To begin with, cat kisses are very different from what we humans give. If we’ve ever noticed that when your cat is relaxed and happy, he slowly closes his eyes as he looks at us, then we should know that he’s actually not just sleeping. He is actually blowing us a real kiss! When cats close their eyes towards us they are warning us that for us they are vulnerable: and if it is not this love …

Once again, we need to know the particular signs of our cat to understand what they mean: the half-closed eyes and the ears folded at half mast, do not show love or affection, on the contrary. At that moment, the cat doesn’t want to be bothered even for a cuddle.

How to cuddle the cat, then?

To really understand why our furry dogs have these moody behaviors when it comes to affection (and not only that, to be honest), we first need to know a little more about their ancestors. It is likely that the ancestors of the domestic cat (the African wild cat) were considered a mere guard animal for parasites, but today’s cats are often treated as our precious companions or even “fur babies”.

This social shift in the human-cat relationship is believed to have occurred about 4,000 years ago, a little later than the domestic dog. While this may seem like enough time for a species to fully adjust to growing social needs, this is unlikely to be the case for our mustache friend. Domestic cats also exhibit relatively minimal genetic divergence from their ancestors, meaning their brains are likely still programmed to think like a feral cat. Wild cats they live a lonely life and invest a lot of time and effort in communicating indirectly – through visual and chemical messages – just to avoid seeing each other. So domestic cats are unlikely to have inherited many complex social skills from their relatives.

Humans, on the other hand, are an inherently social species, favoring closeness and contact during displays of affection. We’re also attracted to childish-looking elements (big eyes and forehead, small nose and round face) – that’s why most of us find cat faces so cute. It is therefore not surprising that our initial reaction when we see a cat or even more a kitten is to want to pet and cuddle them. Although it shouldn’t surprise us that many cats find this type of interaction a little overwhelming.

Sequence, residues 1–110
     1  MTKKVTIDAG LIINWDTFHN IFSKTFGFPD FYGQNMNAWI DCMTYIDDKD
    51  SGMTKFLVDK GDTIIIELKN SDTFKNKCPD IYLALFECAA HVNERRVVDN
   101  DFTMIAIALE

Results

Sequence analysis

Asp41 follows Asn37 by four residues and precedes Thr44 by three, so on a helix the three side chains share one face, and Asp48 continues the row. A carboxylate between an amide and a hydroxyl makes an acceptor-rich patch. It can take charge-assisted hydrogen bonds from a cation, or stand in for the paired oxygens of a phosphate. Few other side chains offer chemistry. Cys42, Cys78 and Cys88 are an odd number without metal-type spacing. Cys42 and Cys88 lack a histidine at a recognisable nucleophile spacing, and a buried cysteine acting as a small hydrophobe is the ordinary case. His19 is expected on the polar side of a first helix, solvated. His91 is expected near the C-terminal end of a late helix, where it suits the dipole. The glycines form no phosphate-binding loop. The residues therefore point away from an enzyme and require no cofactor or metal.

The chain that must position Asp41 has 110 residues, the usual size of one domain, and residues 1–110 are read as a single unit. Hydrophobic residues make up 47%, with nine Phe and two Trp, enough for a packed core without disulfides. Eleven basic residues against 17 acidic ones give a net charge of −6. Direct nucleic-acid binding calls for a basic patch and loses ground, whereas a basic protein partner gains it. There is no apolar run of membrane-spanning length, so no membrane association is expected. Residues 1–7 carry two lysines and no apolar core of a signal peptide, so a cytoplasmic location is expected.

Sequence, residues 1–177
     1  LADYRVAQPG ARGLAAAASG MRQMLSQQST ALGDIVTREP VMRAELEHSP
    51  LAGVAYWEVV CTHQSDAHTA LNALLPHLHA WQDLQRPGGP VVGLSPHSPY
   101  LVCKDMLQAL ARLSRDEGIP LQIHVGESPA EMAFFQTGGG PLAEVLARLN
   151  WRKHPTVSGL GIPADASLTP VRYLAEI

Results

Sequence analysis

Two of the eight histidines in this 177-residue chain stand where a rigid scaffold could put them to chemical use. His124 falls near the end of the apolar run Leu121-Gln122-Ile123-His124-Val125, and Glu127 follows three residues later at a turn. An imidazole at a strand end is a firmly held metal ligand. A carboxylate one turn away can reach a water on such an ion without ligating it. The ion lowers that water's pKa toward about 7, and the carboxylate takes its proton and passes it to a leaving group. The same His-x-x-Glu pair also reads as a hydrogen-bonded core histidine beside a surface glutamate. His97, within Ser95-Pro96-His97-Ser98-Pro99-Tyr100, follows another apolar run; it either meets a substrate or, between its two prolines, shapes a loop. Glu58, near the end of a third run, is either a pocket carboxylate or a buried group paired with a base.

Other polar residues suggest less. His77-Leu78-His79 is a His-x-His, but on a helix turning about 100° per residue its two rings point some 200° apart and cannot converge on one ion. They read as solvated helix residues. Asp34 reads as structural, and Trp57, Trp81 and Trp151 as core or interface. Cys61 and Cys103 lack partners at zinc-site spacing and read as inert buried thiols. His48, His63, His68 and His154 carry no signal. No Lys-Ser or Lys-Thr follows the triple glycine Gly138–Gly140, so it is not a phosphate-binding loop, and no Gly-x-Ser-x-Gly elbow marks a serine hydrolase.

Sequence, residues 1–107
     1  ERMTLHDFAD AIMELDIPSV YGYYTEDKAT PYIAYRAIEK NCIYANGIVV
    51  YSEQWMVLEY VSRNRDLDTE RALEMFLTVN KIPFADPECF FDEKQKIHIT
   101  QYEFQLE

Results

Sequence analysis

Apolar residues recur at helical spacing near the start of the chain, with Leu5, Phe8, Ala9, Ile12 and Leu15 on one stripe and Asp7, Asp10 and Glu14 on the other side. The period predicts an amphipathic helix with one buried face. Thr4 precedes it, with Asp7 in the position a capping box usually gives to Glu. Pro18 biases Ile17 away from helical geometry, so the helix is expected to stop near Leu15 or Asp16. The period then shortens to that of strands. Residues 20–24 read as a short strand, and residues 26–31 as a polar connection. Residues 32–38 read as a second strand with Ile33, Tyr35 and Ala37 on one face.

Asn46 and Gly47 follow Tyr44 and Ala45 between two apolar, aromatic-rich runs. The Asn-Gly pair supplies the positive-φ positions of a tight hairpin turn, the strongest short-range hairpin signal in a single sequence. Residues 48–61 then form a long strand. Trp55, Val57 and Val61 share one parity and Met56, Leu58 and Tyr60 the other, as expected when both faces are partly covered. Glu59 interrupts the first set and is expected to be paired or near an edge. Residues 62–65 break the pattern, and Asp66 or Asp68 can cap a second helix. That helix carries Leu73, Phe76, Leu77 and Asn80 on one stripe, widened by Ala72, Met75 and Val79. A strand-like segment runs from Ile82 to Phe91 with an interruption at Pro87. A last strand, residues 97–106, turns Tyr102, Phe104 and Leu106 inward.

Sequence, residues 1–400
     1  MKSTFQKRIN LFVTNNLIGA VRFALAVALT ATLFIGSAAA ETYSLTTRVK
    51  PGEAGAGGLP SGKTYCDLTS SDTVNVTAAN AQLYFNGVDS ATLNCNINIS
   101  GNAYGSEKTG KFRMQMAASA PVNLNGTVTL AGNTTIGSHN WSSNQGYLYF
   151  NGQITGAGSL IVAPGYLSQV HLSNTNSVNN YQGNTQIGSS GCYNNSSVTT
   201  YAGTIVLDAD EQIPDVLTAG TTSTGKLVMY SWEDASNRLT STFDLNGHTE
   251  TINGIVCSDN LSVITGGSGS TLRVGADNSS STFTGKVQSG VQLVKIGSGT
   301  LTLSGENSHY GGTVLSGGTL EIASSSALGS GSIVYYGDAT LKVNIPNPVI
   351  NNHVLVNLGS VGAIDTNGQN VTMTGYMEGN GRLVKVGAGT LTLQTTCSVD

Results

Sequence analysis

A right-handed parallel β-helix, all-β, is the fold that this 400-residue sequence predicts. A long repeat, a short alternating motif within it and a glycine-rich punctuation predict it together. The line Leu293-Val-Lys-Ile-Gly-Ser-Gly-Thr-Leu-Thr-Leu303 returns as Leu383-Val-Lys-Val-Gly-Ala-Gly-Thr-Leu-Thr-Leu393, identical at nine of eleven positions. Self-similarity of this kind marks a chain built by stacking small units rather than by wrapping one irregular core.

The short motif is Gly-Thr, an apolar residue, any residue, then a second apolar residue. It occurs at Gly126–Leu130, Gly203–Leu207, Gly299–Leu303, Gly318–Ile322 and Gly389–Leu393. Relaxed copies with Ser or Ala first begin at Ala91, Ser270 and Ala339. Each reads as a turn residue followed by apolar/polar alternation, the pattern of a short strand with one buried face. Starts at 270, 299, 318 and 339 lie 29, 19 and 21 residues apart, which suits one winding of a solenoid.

Although many cats enjoy being petted, and in certain contexts they will even choose us over food, human interaction is something they must learn to enjoy during their relatively short sensitive period, between two and seven weeks of life. When it comes to human-cat interactions, human characteristics are also important. Our personalities and gender, the regions of the cat’s body that we touch and the way we generally handle our pets, can all play an important role in how the cat will respond to our affective gestures.

And while some cats may react aggressively to unwanted physical attention, others may simply tolerate our social progress in exchange for good things (food and shelter). That said, a tolerant cat isn’t necessarily a happy cat. Higher stress levels are reported in cats who are described by their owners as being tolerant of stroking rather than just not wanting to know.

How to stroke a cat

The key to success is to focus on providing the cat with maximum choice and control during possible interactions. For example, the choice of indicating whether they want to be caressed or not, and controlling where we touch them and for how long. But this self-control work could pay off a lot in the long run, because research shows that interactions with cats last longer when the cat, rather than the human, initiates them.

It is also very important to pay attention to your cat’s behavior and posture during interactions to make sure she is comfortable. When it comes to touching these pets, it’s always best to keep yourself as small as possible. As a general guideline, friendliest cats will enjoy being touched in regions where their facial glands are located, including the base of the ears, under the chin, and around the cheeks. These locations are generally preferred over areas such as the belly, back, and base of the tail.

Signs of enjoyment of cats:

  • Tail held upright, and the choice to initiate contact.
  • Purring and touching us repeatedly with the front paws.
  • Gently wave the tail from side to side while holding it in the air.
  • Relaxed posture and facial expression, ears straight and facing forward.
  • It gives us a slight nudge if we stop while we stroke them.

Signs of dislike or tension:

  • It dodges us, moves or moves its head away from us.
  • Remains passive (no purring or rubbing).
  • Excessive blinking, shaking of the head or body, or licking the nose.
  • Quick and short licks to the hair as if to wash.
  • Wrinkled or contracted skin, usually along the back.
  • Tail that squirts, beats or wags.
  • Ears that flatten to the sides or rotate backwards.
  • An abrupt turn of the head, to face us or our hand.
  • It bites, rubs or hits our hand with its paw.